Massive cost overruns and highways in worse shape than six other Midwestern states are just a few of the problems identified within the Wisconsin Department of Transportation’s highway program in a report released last week by the Legislative Audit Bureau.
The auditors looked at 19 major highway projects completed from January 2006 to December 2015, and found that the projects cost $772.5 million more than first enumerated by the DOT. That includes a section of Hwy. 57 from Dyckesville to Sturgeon Bay that in 1997 was estimated to cost $42.9 million, but turned out upon completion in 2015 to cost $78.7 million, or 83.4 percent more than first reported.
The biggest cost miscalculation came on the U.S. 41 to Highway 116 project that began in 1991 with an estimated cost of $12.5 million, and was completed in 2010 at a cost of $44.4 million, or 255.5 percent more than originally stated.
“We found that DOT’s cost estimates at enumeration were incomplete,” the report stated. “We note that 13 of the 19 projects took 18 years or more for DOT to incur all expenditures, and the effects of inflation on project expenditures can be significant over time. Nevertheless, none of the cost estimates for the 19 projects took into account that inflation would increase project costs over time, although cost estimates for all 19 projects indicated that inflation was excluded from them. In addition, DOT indicated that its cost estimates for projects enumerated before 2011 typically excluded design engineering, construction engineering, and certain other project-related costs.”
The report also found Wisconsin road conditions to behind its Midwestern neighbors and the rest of the nation. “The condition of Wisconsin’s state highways deteriorated in recent years, and the proportion of Wisconsin state highways in good condition was considerably lower than in six other Midwestern states and the entire nation.”
The co-chairs of the Joint Legislative Audit Committee – Sen. Robert Cowles and Rep. Samantha Kerkman – announced in July 2015 that they had requested an audit of the DOT’s highway program.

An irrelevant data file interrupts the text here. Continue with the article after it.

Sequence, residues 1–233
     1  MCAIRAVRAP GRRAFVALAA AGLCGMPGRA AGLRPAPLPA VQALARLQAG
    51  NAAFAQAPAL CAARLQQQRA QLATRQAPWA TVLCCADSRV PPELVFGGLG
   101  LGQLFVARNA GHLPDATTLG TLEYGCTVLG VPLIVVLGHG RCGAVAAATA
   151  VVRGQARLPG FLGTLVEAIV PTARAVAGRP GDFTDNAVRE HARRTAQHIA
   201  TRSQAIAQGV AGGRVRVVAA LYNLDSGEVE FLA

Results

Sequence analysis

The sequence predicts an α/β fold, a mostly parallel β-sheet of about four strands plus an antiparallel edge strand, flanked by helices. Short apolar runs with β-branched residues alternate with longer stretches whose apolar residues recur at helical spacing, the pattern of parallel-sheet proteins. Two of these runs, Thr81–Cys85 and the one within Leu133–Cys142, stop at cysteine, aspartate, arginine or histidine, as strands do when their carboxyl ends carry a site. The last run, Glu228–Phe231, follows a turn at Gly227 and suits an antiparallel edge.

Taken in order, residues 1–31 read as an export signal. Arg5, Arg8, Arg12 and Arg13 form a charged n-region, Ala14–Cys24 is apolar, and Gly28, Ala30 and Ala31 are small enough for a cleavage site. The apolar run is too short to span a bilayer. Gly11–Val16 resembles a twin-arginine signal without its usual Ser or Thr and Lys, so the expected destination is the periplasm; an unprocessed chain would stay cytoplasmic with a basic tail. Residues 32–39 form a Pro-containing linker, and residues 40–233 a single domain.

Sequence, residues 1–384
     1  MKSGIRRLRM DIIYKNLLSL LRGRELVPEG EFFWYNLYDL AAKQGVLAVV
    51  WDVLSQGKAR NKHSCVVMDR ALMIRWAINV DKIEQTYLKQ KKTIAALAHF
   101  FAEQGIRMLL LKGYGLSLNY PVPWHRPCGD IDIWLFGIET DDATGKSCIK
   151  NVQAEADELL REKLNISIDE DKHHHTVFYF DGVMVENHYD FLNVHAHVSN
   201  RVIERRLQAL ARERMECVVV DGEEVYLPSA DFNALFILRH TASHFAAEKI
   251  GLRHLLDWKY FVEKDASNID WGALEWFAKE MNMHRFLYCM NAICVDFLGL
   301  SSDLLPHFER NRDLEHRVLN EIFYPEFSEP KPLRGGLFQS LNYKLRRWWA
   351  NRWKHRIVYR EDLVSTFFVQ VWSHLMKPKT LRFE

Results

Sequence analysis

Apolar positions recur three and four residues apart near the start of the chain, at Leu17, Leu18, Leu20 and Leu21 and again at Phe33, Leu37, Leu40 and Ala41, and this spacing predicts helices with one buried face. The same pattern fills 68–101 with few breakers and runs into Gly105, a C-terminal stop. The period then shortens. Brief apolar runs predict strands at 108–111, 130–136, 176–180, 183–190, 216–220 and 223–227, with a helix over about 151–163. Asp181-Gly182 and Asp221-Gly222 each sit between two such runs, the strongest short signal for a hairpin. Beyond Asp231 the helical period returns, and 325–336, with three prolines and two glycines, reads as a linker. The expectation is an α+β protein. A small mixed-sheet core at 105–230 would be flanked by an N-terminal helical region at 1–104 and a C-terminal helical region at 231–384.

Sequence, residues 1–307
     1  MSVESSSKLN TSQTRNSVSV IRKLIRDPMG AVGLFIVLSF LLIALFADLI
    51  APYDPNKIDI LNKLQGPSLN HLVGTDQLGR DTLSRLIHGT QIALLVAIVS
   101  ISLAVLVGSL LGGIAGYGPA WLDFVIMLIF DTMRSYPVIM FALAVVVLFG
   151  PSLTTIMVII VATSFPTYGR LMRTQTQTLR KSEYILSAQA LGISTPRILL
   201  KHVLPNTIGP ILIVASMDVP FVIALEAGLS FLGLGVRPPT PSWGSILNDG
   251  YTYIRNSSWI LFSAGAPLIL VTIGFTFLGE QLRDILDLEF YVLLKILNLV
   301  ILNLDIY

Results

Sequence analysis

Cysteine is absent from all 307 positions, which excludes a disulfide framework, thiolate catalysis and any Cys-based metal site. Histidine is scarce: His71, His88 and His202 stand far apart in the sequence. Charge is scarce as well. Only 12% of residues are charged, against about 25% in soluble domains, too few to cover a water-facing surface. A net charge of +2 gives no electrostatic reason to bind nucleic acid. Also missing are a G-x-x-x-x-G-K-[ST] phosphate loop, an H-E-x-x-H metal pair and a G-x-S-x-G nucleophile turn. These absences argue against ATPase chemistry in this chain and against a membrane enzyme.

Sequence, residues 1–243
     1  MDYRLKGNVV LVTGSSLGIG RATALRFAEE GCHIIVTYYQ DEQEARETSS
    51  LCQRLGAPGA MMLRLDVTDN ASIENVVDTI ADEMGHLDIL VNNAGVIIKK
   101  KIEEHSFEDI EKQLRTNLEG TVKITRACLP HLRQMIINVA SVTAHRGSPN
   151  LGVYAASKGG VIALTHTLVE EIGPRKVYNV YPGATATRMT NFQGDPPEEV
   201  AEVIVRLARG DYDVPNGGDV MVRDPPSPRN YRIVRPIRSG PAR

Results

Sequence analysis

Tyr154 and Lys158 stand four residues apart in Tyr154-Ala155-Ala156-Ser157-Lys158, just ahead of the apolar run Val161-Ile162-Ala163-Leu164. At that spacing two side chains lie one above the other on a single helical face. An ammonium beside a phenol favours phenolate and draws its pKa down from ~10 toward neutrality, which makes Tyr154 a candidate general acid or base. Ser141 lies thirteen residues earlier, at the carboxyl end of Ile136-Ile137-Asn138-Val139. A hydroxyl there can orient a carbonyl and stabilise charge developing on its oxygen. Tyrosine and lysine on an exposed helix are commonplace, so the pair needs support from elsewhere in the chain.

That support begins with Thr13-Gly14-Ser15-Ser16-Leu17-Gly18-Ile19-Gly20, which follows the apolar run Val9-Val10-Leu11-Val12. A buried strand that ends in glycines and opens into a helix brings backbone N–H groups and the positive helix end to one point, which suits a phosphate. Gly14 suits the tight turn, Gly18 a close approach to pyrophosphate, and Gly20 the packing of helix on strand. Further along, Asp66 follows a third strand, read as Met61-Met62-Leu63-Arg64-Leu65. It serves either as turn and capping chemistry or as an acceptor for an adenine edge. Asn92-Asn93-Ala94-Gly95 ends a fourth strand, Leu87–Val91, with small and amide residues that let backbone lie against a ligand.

“The audit would review a number of areas within the highway program focusing on finding potential waste, increasing public safety on Wisconsin’s highways and compliance with state and federal standards,” the co-chairs stated in a July 2015 press release. “In addition to evaluating DOT’s ongoing management of the state highway program, the audit likely will address DOT’s processes for planning, designing, and constructing road projects.”
The press release also pointed out that a number of major concerns were brought out in the last audit of the highway program, which was conducted in 2003. Issues were found with financial record keeping, the increasing reliance on bond proceeds to fund projects, and meeting financial reporting requirements.
The latest audit includes recommendations for DOT to use funds and manage projects more effectively. There are also several legislative recommendations for statute modification for DOT requirements. The DOT is supposed to report to the Joint Legislative Audit Committee by June 30 on the status of efforts to implement the recommendations.
“The findings of the report are disturbing and must be addressed,” said State Representative Joel Kitchens (R-Sturgeon Bay), in a news release issued after the report was unveiled. “The department has chronically underestimated the true costs of projects and not taken into account the increase in costs when project delays occur. We must do a better job of budgeting for our highway projects and then we must live within those budgets.”
Kitchens also pointed out that while the report identified potential savings in the amount of $43.8 million, that pales in comparison next to the $1 billion transportation budget deficit.
“We must find a sustainable source of funding for our infrastructure and I believe that all options should be on the table, including reforming the inefficiencies highlighted in the DOT audit,” Kitchens said. “As we begin the budget discussion, I believe that all projects are important, not just the ones in southeastern Wisconsin. Tourism plays a vital role in northern Wisconsin, and having a strong transportation system is vital to bringing billions of tourism dollars to our communities. I look forward to working with my colleagues to find a sustainable solution for our transportation fund.”
You can read the full report here: legis.wisconsin.gov/lab/media/2591/17-2full.pdf.